Thus when you are looking for Wi-Fi internet deals, you are in fact looking for "LTE deals".
Well "I bought the internet, what now ?" I hear you say while pointing to your Wi-Fi router…
Your Wi-Fi router (the box with 3-4 antennas) is (as mentioned above) the device that distributes your connection (LTE, Fibre, ADSL) inside your house via Wi-Fi specification.
You will still need some sort of "source of the internet" to plug into "your router".
So one can say that a Mi-Fi device has two parts:
- Built-in LTE router: Connect your device to the internet.
- Built-in Wi-Fi: Distribute your internet (LTE) in and around your house via the Wi-Fi protocol and specifications.
D-Link Mi-Fi DWR-933 - Review
D-Link sent us their Mi-Fi device the DWR-933 for testing and we have been using it together with our Telkom LTE package from WebAfrica, so far no complaints and we are happy campers.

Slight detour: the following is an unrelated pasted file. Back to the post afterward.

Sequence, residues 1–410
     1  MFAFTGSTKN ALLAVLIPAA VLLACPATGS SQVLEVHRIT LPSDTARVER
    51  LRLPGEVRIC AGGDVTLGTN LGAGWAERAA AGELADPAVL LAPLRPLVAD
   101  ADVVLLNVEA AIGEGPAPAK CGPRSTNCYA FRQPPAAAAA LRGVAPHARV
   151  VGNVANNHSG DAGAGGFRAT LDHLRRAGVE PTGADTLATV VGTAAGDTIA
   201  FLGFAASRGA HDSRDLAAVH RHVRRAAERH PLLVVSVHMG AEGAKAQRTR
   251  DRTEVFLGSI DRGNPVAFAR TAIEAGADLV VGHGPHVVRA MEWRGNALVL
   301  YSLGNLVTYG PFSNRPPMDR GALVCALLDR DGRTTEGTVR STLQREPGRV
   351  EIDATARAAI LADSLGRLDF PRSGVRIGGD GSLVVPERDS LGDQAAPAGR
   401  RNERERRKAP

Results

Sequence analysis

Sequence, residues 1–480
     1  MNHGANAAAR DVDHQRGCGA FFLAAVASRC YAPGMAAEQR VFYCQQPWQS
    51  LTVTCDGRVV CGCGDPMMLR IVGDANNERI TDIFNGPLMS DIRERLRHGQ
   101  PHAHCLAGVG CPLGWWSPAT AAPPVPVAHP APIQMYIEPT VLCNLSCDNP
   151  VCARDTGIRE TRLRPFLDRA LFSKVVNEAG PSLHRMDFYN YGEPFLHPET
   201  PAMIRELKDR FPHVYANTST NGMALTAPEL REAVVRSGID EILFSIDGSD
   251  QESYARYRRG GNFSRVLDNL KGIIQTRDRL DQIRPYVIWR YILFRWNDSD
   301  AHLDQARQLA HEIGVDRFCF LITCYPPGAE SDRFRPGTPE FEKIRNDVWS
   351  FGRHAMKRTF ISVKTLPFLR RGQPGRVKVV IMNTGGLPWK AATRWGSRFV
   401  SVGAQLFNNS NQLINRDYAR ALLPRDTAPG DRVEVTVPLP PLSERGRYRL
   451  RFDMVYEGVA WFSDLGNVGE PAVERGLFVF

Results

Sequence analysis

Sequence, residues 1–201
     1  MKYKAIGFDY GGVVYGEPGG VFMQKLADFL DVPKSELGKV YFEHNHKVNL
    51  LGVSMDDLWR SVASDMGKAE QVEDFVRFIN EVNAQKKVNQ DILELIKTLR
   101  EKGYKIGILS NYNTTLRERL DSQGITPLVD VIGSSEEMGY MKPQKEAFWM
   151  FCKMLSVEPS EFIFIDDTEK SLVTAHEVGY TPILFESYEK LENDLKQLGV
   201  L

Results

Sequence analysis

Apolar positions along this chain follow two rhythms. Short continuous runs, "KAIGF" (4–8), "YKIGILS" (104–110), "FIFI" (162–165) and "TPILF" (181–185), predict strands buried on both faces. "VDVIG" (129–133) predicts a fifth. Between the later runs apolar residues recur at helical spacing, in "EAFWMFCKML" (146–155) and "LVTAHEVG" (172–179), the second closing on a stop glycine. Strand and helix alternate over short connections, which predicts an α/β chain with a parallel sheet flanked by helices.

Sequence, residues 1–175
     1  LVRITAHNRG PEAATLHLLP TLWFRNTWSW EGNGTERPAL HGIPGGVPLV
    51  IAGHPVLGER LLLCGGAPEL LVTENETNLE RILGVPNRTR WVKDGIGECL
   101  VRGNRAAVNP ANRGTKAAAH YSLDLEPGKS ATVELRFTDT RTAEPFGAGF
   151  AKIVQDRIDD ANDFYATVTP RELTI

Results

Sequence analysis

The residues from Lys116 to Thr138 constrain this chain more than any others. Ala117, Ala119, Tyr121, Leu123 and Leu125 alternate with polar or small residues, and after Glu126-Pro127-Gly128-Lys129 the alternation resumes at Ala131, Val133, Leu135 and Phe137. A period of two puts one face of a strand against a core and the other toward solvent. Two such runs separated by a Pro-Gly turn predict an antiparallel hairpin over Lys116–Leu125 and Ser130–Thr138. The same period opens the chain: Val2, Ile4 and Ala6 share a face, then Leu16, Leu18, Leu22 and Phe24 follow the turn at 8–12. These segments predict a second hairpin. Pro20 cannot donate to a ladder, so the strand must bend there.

Size & Construction
The D-Link Mi-Fi DWR-933 is very cute and small. It is smaller than a phone and, I’m pretty sure, it can fit inside a cigarette box if you are so inclined for a visual reference of scale.
There are two small buttons on the side for "power" and "display" respectively, and on the opposite side, a USB port for charging.
The construction is of a high grade plastic and there is a small screen to show you a plethora of information which includes:
- Battery status.
- Wi-Fi networks (2.4Ghz and 5Ghz).
- Connected clients.
- LTE Network Name (Telkom, MTN).
- Wi-Fi Password (very handy).
If I had a criticism of the device it would be this: As with most phones, it's a very delicate operation of guessing, pulling and knife-tip wielding to get the SIM-Cradle open and figuring out which way the SIM card should go.
Note to manufacturers: There is no such thing as too big or too much text and graphics to help the user to insert a SIM card.